Knuckle busting, (re)cycling style

Yesterday, Bugman and I showed up at the springtime Recycle Your Cycles event, along with several other members of the Western Nebraska Bicycling Club. RYC has been running for eight years now, thanks to a partnership between Keep Scottsbluff-Gering Beautiful and Nebraska Public Power District (the event has been held on their property), and is in a transition phase, with NPPD stepping out next year and WNBC stepping in.

The purposes of the event are to:

  1. Refurbish used bicycles and donate them to people in the community who could use a set of wheels to get around.
  2. Divert recyclable parts of old bicycles out of the landfill. Materials from non-functional bicycles could be recycled, or repurposed into art projects. See here for a post I wrote about how some of the bikes collected in previous years turned into artistic bike racks.

I wasn’t real sure what help I’d be able to provide at the event, given that my bicycle maintenance skills don’t extend much beyond inflating tires, but I found plenty to do, helping people unload bicycles, piling stripped bikes onto the recycle trailer, prying rotted tires from wheel rims, torquing rusted bolts, and salvaging seats, reflectors, kick stands, and chain guards to replace broken or missing parts on still-functional bicycles.

I’m annoyed that I did not give in to my journalistic instinct and run around taking pictures and recording anecdotes, too.

There were a lot of great images to capture, but here is the only picture I took, of Bugman working on stripping down a bike:

bugman workingThe stories of the people who came to drop off bikes were pretty great, too. There was the guy who walked quite a distance pushing two bikes with additional wheel rims hung from the handlebars, who, when thanked, said “thank you for taking them off my hands.” There was the little girl who got a new bike for Easter and was giving up her old bike for another kid to enjoy. There were multiple people who took the time to pull bikes out of neighborhood trash bins to prevent them from winding up in the landfill. And there were a few people who dropped off like-new bikes that were merely a little dusty; they probably could have gotten money for those bikes, but chose to donate them instead.

Working at the event was fun, too. You have to have a little fun.

Me, wheelin' on a kiddie bike. Photo by Susan Wiedeman for Keep Scottsbluff-Gering Beautiful

Me, wheelin’ on a kiddie bike.
Photo by Susan Wiedeman for Keep Scottsbluff-Gering Beautiful

The super-heavy chopper bike, which had coaster brakes, was the hands-down WNBC favorite. People kept taking breaks from working to ride around the parking lot. Photo by Bugman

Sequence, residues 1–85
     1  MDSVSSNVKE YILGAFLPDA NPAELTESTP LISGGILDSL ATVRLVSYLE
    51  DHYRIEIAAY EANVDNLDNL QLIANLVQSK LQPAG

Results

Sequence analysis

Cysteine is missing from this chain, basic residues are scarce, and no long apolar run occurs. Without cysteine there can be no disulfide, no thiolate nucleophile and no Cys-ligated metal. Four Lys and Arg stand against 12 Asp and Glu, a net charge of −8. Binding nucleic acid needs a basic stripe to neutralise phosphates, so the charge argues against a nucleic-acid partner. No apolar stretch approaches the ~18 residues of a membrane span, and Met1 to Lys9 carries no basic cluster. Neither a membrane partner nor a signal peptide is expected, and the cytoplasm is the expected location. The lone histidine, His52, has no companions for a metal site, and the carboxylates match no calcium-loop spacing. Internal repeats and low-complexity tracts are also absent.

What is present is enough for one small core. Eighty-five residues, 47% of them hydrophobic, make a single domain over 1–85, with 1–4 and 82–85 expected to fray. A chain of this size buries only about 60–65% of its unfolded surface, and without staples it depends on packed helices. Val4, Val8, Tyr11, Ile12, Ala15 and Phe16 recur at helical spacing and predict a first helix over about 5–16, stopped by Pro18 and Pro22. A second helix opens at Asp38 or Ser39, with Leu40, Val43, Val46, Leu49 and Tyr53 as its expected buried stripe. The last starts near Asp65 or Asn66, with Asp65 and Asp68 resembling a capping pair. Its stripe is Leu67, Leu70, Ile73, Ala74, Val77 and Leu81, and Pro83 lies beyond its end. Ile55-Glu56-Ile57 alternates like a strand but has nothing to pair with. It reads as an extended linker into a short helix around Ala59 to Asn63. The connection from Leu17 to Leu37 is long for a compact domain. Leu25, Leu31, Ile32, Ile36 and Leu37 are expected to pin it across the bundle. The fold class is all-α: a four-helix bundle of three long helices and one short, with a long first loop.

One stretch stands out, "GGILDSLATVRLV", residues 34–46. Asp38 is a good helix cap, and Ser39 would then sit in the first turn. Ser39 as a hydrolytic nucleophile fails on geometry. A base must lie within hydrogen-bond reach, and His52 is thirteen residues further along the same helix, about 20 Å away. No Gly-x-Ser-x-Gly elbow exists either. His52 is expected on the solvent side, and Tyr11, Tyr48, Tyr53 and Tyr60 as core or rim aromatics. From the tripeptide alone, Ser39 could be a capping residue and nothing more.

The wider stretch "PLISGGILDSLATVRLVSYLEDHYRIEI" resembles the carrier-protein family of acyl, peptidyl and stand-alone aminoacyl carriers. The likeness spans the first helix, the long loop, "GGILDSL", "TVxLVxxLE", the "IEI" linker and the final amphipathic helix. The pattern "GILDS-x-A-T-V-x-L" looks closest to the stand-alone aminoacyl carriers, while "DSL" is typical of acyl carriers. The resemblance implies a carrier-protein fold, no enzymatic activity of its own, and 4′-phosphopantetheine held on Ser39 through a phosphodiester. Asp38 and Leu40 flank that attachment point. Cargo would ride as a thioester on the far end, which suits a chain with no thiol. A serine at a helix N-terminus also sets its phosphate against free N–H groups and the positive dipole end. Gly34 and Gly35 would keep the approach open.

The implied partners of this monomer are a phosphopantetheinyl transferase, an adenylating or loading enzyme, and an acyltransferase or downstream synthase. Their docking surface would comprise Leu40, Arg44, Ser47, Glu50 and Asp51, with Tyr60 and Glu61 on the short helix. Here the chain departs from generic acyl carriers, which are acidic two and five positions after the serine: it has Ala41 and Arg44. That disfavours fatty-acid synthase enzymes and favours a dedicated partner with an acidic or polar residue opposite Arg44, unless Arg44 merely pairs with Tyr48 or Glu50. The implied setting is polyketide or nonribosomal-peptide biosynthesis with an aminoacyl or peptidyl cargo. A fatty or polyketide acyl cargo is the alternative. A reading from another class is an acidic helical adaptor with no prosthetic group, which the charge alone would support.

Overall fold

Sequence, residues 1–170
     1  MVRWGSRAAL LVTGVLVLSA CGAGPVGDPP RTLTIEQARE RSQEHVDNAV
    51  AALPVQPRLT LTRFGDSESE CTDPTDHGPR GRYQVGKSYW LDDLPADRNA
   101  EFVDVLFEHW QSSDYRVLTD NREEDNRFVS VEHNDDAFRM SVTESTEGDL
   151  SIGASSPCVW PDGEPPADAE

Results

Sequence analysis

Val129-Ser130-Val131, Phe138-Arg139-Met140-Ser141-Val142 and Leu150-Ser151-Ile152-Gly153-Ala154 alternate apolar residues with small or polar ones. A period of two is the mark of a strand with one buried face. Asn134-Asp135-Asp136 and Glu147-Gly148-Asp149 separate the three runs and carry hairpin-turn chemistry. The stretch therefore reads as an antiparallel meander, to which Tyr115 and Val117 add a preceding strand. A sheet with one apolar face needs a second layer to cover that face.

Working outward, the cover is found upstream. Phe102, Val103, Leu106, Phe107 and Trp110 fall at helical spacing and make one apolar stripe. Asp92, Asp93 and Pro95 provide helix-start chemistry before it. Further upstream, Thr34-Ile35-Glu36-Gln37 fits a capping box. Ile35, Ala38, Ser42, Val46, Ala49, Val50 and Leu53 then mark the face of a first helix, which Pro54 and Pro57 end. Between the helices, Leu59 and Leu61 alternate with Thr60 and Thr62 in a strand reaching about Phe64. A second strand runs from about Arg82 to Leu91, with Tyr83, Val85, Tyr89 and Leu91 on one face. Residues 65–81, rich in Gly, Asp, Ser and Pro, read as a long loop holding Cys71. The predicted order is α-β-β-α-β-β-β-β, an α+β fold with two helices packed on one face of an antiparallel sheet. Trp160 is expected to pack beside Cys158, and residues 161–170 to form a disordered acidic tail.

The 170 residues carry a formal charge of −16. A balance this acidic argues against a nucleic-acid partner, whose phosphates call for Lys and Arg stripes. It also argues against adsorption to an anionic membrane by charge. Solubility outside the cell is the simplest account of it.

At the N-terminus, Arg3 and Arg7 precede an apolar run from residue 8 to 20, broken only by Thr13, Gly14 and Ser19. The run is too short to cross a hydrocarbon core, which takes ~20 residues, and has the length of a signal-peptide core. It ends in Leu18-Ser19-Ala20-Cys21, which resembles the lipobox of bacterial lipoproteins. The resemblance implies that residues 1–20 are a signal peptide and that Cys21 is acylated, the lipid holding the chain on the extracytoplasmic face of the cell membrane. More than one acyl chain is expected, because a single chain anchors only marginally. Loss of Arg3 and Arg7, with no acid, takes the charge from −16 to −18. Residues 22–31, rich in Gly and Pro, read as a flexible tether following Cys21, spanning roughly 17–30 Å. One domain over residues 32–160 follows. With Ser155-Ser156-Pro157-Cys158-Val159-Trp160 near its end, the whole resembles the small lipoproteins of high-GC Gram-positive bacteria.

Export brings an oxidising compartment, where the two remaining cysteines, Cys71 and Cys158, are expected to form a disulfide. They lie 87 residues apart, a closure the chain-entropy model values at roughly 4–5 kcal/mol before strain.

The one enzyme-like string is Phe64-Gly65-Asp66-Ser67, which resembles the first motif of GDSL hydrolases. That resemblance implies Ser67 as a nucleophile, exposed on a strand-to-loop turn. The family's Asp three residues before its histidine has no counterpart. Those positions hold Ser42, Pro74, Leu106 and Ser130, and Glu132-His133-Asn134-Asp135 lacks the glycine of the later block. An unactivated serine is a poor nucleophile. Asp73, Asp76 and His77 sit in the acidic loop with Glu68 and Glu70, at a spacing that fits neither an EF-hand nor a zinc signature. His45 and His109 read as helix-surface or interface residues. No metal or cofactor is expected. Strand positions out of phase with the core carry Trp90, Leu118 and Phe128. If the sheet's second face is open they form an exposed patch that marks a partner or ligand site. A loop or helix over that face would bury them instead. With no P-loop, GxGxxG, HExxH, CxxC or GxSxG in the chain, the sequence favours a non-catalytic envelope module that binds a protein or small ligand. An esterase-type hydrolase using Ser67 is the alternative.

Me, on the super-heavy chopper bike, which had coaster brakes. It was the hands-down WNBC favorite. People kept taking breaks from working to ride around the parking lot.
Photo by Bugman

The what-the-heck bike. I had fun imagining how this Frankenstein of a bike might have functioned. Photo by Susan Wiedeman for Keep Scottsbluff-Gering Beautiful

The what-the-heck bike. I had fun imagining how this Frankenstein of a bike might have functioned.
Photo by Susan Wiedeman for Keep Scottsbluff-Gering Beautiful

By the end of the four-hour volunteer gig, Bugman and I were pretty worn out and a little bit scuffed up.

Me, soliciting sympathy for my scratched arm, standing in front of the pile of stripped bicycle carcasses destined for recycling / repurposing. Photo by Bugman

Me, soliciting sympathy for my scratched arm, standing in front of the pile of stripped bicycle carcasses destined for recycling / repurposing.
Photo by Bugman

Everybody had a banged-up knuckle or two, but I think we were all satisfied that we had managed to make a positive contribution to the community. The Potter’s Wheel van that came to collect the refurbished bicycles for redistribution was completely filled with nearly 30 functional bicycles.

The event probably could have refurbished more bicycles if we’d had more resources, including time, skilled bike mechanics and replacement parts. We didn’t have money to spend on parts, nor a cache of stored parts to draw upon, so we were limited to what we could do with parts stripped from other bicycles received that day. Replacement tires and especially inner tubes were a major need, since the puncturevine in this area tends to do a number on bicycle tires. A triage system was in effect, with only the bikes in the best condition getting the TLC needed to make it to a new owner.

If you have bicycles you’d like to donate to the community or, better yet, skills or materials to donate to the cause, RYC will continue next spring in a new location – keep an eye on local media for details!

Copyright 2015 by Katie Bradshaw

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